Noah officially got his acceptance letter to Loyola today. The one is Chicago. Where it’s cold.
Tonight at supper, he said: “Mom, I wish I could wake up every morning and eat your cooking. You don’t know how good a cook you are.”
And the first thing I thought of was, “Boy, you’re going to wake up and eat a lot of Ramen and Pop Tarts for the next four years.” And that made me sad.
But on the bright side, Noah’s come a long way where food’s concerned. Here he is at age seven, watching cartoons in the kitchen. He is eating Goldfish, at one time the main component of his diet. I remember reading some place that children will naturally navigate toward healthy food and not to worry if they go overboard in one area or another along the way. There was a long stretch where I worried about that. Aside from Goldfish, he had his mini-ravioli period. The kind that’s fresh in the refrigerator case. He ate mini-ravioli for about two years, just boiled and coated with butter. Finally, the manufacturer stopped making them. Noah was so incensed that he made me contact the manager at the Publix to see if they could restock them. Fortunately, they could not.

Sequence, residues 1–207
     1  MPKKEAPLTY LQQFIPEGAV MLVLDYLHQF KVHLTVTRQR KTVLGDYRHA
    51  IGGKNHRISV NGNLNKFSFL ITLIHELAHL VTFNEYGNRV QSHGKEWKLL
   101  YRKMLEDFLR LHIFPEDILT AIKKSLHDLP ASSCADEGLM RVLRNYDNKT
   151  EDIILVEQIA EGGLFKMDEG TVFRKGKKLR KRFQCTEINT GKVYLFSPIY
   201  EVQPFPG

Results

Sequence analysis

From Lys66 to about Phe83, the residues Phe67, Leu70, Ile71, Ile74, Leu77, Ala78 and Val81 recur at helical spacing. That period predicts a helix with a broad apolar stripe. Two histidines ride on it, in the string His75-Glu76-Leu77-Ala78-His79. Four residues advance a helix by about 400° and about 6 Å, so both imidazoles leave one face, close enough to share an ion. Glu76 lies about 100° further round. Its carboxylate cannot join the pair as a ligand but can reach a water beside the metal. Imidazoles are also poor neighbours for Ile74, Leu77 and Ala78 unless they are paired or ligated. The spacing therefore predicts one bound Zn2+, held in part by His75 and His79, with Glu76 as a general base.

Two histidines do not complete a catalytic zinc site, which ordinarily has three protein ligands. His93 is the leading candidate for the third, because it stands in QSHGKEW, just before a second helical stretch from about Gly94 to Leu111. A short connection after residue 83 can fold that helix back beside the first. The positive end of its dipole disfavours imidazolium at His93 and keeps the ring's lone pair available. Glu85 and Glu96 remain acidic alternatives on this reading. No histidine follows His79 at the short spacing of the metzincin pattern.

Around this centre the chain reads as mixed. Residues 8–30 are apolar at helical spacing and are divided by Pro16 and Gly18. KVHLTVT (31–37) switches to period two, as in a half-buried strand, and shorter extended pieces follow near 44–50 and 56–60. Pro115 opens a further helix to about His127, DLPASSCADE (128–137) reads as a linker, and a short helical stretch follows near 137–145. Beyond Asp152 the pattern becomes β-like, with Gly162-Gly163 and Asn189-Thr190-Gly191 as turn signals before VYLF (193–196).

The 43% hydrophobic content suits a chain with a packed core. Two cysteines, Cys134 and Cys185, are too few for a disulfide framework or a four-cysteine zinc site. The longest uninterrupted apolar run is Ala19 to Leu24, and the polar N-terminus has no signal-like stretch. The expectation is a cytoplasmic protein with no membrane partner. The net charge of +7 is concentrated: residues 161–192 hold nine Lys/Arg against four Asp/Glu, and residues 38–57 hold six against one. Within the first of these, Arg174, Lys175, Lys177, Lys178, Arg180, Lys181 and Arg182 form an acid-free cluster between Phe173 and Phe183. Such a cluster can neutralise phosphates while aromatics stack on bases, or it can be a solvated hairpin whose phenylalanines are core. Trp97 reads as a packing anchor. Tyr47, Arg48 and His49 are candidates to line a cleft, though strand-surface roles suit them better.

Somewhere around age 13, Noah started making the turn toward not only healthier, but more adventurous food. He went through his banana phase, his apple phase and then he hurdled head long into Thai, Indian and Japanese cuisine.
So tonight I watched him as he wolfed down roasted cauliflower. And I wondered what will happen to him when he’s in a dorm room at Loyola with only a microwave as a cooking implement and a McDonald’s just down the street. I know he’ll survive. Heck, I lived on macaroni and cheese cooked in a popcorn maker for three years when I was in college.
But I know that on more than on occasion I will want to hop on a plane, head to whatever grocery store they have in Chicago, and show up to cook him a real meal. Withdrawal.